Rising Damp

Rising Damp in existing buildings usually occurs as a result of one or more of the following reasons:
  • No Damp Proof Course (dpc)
  • Failed dpc
  • Bridged dpc
No dpc  - All modern buildings should be fitted with black plastic dpc sheeting that is fitted under the floor slab and which exits the side walls 2 brick courses above finished exterior ground level. However, many buildings built before the 1960’s, when dpc sheeting was first made available, were built without any form of dpc. Some were built with suspended wooden floors with a void beneath to ground level. Moisture rose in the clay stock bricks and evaporated out through the bricks beneath floor level, being circulated by way of air bricks. Over time many air bricks were either sealed off or the voids filled with concrete, causing damp to rise in the brickwork and drawing with it damaging slats from the ground. When this happens damp can be stopped by one or more of the following products:
  • Dryzone Cream
  • Dry Rods
  • Microsilan
  • ECS Epoxy Floor Coating
  • DryBase Liquid Applied DPM
Failed dpc – One of the precursors of the black plastic dpc sheeting was a product called malthoid. This bitumen-based product becomes brittle over time, developing cracks in its structure which allows moisture to pass through. Regrettable this deterioration takes place indiscriminantly giving rise to damp in some areas and not in others. A similar problem can occur with older methods of creating a chemical dpc where high pressure injection pumps were used. Where too high a pressure was used, some of the brickwork may not have been completely saturated, leaving some areas unprotected. Over time moisture discovers the weakness and rises through the unprotected pores to affect upper surfaces. Once again these conditions can be treated with the same 5 products above.
Bridged dpc – The practice of plastering external brickwork to buildings down to ground level without exposing the dpc sheeting has resulted in many new buildings suffering from rising damp within a matter of months of being occupied. Plaster, usually 25mm thick or more, is applied to the walls completely covering the dpc. This allows moisture to rise in the pores of the plaster above the height of the dpc, causing damage not only to external plaster above the height of any dpc that may have been fitted but also to internal surfaces as the moisture is drawn inwards. Provided that the dpc sheeting is intact, and this can only be verified once external damaged plaster is removed, it should not be necessary to create a new chemical dpc. Damaged plaster on both sides of the wall will need to be removed and replaced, ideally with a salt retardant in the new plaster mix, and the external brickwork protected with a waterproof slurry prior to the application of new plaster. Products for this treatment would include:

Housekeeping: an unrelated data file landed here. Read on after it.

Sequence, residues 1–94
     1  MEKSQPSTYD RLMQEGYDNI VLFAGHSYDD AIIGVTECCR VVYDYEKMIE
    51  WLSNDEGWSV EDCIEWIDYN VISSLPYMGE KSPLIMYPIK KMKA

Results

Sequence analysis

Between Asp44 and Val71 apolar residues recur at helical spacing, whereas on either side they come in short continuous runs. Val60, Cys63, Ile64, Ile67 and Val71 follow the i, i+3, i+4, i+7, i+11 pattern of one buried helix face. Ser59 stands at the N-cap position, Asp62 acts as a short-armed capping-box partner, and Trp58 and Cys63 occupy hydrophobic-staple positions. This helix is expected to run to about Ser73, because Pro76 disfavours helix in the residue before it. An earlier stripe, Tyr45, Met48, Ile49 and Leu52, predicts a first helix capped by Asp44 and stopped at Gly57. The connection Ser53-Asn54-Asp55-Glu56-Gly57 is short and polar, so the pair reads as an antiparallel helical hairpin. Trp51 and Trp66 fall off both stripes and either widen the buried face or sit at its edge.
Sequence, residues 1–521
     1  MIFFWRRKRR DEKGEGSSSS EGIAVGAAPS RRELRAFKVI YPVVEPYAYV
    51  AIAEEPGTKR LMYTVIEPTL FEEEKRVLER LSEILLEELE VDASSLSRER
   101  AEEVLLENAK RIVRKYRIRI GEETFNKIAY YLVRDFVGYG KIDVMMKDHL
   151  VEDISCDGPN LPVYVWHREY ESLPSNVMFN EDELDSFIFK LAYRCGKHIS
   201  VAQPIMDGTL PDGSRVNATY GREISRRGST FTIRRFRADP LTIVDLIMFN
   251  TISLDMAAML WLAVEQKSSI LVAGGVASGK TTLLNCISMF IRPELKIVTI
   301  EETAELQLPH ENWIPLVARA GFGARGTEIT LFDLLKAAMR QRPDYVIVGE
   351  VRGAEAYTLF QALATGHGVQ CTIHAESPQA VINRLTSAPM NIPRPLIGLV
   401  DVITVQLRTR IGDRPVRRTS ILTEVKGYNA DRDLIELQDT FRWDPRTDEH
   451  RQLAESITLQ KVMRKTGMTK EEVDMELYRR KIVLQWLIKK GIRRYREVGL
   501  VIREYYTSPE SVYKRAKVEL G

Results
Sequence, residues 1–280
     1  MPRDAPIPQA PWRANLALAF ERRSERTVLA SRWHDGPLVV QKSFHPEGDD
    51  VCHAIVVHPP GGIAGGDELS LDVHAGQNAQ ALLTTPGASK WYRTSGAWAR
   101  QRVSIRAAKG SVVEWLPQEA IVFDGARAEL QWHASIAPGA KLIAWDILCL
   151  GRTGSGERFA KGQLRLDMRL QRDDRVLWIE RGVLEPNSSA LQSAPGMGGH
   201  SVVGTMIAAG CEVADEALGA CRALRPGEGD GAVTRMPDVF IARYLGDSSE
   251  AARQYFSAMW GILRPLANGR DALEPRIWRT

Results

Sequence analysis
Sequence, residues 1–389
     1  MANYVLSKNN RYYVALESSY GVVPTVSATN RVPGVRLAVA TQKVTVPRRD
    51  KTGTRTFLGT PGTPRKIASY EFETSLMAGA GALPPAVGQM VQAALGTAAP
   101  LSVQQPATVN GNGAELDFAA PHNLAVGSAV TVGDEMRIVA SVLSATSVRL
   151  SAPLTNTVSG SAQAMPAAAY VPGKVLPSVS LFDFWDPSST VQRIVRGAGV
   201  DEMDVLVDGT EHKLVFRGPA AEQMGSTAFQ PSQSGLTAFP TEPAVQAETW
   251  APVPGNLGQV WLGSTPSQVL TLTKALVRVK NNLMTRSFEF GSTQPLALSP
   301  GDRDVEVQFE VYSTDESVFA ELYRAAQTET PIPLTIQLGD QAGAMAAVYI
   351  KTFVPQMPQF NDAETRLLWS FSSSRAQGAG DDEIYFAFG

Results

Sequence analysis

• Latseal Slurry
  • Bondaid Plus
  • Renderguard Gold

Introduction to Rising Damp

How Does Rising Damp Occur

Treating Rising Damp With Dryzone Cream

Installation of Dryzone Cream

An example of rising damp

An example of rising damp

Treatment of Rising Damp using Dryzone damp-proofing cream.

Treatment of Rising Damp using Dryzone damp-proofing cream.

For more information please contact us on 011 708 3603  or 021 982 5131.

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